"Games that wear their influences so openly can be off-putting at best, and at worst they can seem like cheap knock-offs of the source material, but Tomb Raider openly borrows, learns, and appropriates scenes and moments from a large number of well-selected pop culture artefacts. Tomb Raider isn't shy about aping some of the sense of scope and the gigantic set pieces from the Uncharted series, but Lara Croft and company put their own stamp on every piece of this diverse pie. Some artists sample, and others create something original and cohesive by using bits and pieces of old material and putting it together in new and interesting ways. Tomb Raider is the latter," added Penny Arcade Report's Ben Kuchera.

If raiding tombs was the whole reason you played Tomb Raider, you may be disappointed. The game contains a few optional tombs, but they're short and easy to conquer. Tombs and puzzles have taken a backseat to the game's combat and exploration.

There are tombs, but they're not the game's focus.

"Well, it was inevitable that Tomb Raider would find it difficult appeasing both puzzle-loving fans of the original game and COD-addicted action junkies, but in the end Crystal Dynamics doesn't get the balance quite right. The main story takes you through several memorable sepulchres, each with bags of atmosphere. These are places that recall the fiendish nature of the original game's tombs, except draped in sparkling, current gen visuals. The problem is, there's just not enough of them," said CVG's Matt Gillman, giving Tomb Raider a 9/10.

"Are there tombs in Tomb Raider 2013? Yes. They're entirely optional, though, and are mostly hidden, combat-free zones concerned with environmental puzzle-solving. Exploring tombs gives you secrets and rewards-like skill points for upgrades and maps that show where relics and other collectibles are-so it's worth the investment of playing through them. They're also a quiet remove from all the human/animal aggression on the game's main path," wrote Kotaku's Evan Narcisse.

Multiplayer is a new addition to the series, but not a welcome one. Reviewers felt the game would have been better served by skipping it altogether.

"A big part of me wishes that the game started and stopped with the single-player offering, but that's not the case. The multi-player isn't awful, but it feels like a whole different game in everything from the muddy textures of environments to the sloppy feel of the action. The combat feels loose and frantic, and character animation is choppy. Explosions are hard or impossible to detect, and often result in cheap deaths. The interesting idea of platforming during a multiplayer session is hamstrung because it just exposes you to attack. I enjoyed upgrading weapons and unlocking characters, but these systems don't deviate much from expected standards. Other dedicated multiplayer experiences are more worth your time," said Miller from GameInformer.

"It feels like there are two conflicting forces at work here - a story that wants to be told, and a game that wants keep reminding everyone it's a game."

Ellie Gibson, Eurogamer.

"Tomb Raider's multiplayer mode is a strange inverse of the single-player. The latter pulls together many of the best traits of the current generation of game design; the former, many of the worst - specifically shoehorning in multiplayer where it's not needed," wrote Polygon's Phil Kollar, who was on the high side of the reviews with a 9 out of 10. "Tomb Raider provides more mobility than the average online shooter, but that's only enough to make it feel novel, not good."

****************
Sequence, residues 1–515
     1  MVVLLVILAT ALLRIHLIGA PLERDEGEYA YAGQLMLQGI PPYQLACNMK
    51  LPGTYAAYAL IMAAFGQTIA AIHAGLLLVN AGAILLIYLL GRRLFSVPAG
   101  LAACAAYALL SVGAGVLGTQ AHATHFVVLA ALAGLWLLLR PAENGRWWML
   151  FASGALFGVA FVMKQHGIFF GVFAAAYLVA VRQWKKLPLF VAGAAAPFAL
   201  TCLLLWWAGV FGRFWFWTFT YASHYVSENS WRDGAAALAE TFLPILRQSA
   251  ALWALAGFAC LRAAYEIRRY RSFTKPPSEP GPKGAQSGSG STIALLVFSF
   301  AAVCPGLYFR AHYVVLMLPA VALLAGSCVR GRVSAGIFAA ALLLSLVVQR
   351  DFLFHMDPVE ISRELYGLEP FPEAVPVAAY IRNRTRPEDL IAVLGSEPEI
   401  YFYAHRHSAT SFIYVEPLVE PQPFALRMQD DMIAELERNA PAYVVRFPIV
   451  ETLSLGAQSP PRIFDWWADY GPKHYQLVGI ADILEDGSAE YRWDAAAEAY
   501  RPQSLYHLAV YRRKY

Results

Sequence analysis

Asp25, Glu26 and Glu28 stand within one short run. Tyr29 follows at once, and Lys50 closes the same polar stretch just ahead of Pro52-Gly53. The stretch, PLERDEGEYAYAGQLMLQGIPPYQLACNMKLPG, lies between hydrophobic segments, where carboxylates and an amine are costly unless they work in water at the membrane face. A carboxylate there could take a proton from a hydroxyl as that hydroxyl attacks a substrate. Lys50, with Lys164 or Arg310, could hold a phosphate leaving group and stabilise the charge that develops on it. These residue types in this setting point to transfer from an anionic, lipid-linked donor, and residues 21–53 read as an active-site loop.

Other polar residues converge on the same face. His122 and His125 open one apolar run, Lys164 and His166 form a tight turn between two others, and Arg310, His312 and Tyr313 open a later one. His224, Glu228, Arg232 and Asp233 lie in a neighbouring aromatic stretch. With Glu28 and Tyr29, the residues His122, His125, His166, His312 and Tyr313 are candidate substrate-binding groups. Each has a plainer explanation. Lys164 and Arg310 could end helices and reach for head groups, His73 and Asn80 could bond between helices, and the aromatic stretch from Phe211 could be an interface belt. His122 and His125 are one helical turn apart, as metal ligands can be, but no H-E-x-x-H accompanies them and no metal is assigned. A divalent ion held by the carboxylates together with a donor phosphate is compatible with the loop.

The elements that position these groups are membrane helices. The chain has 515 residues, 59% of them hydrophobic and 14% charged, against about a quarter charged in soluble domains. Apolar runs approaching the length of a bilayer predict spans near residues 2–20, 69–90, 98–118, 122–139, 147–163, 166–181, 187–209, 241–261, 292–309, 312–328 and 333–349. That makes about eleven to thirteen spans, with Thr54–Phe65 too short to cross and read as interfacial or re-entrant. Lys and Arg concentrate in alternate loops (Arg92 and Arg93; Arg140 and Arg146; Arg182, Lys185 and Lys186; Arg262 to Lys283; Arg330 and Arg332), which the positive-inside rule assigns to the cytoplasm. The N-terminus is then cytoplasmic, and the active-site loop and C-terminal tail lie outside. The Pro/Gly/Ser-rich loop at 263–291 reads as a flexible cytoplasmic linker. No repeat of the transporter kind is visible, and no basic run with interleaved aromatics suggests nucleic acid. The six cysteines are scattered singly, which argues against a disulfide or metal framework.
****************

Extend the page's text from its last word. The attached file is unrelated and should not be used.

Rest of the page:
Though the Tomb Raider deals with forging of Lara Croft into an action-adventure heroine, the game does delve into some narrative dissonance.

"It feels like there are two conflicting forces at work here - a story that wants to be told, and a game that wants keep reminding everyone it's a game," added Eurogamer's Gibson. "The most obvious example of this occurs early on, after Lara performs her first kill. A short cut-scene shows her contemplating the gravity of what it means to take a human life, and realising she has crossed a threshold over which she can never return. The pathos of this moment is somewhat undermined by the fact she spends the next 10 minutes blasting away at everyone like a toddler in a water fight - one who has been promised extra biscuits for headshots."

"Within a couple of hours Lara has overcome her moral qualms to the point where she's blithely hacking enemies to death with a pickaxe, mainly in the head. This kind of excessive violence may be common in video games but it feels incongruous here, alongside a storyline that's trying to be subtle and realistic. Despite the narrative's best efforts, the transition from ordinary innocent to violent murderer happens with about as much thoughtful discourse on conflicting moral complexities as there is in an episode of The Wright Stuff."

Lara is not afraid to get her hands dirty. Over and over again.

Kotaku's Evan Narcisse digs deeper into Tomb Raider's subtext to find a story about what it means to be Lara Croft.

"Even if you know nothing about the earlier controversies that swirled around this game last year, it's impossible to play 2013 Tomb Raider and not breathe in all the subtext in its atmosphere. It's irresistibly ripe for interpretation: a cult of violent, trapped men forming around the myth of a vengeful Sun Goddess and a young, outmatched woman who gets bruised ad infinitum on her Hero's Journey. On its face, Tomb Raider doesn't appear to be about the portrayals of female characters in popular entertainment. But it's certainly ready to be read that way," he writes.

"That layering-like the overall shift in tone-serves to gin up the experience in a counter-intuitive way. It's the kind of feel-bad that feels good. If you miss the old Lara, you're compelled to finish this title to get her closer to the snarky, actualized persona of the PS1 era."

Together, the reviewers paint a picture of a game inspired by some of today's best titles. Crystal Dynamics pulled features from Uncharted, Batman: Arkham Asylum, Assassin's Creed, and more to form Lara Croft's reboot debut. Tomb Raider might not be the most innovative title, but it is a well-crafted start for a new heroine.

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Mike Williams avatar

Mike Williams

Reviews Editor, USgamer

M.H. Williams is new to the journalism game, but he's been a gamer since the NES first graced American shores. Third-person action-adventure games are his personal poison: Uncharted, Infamous, and Assassin's Creed just to name a few. If you see him around a convention, he's not hard to spot: Black guy, glasses, and a tie.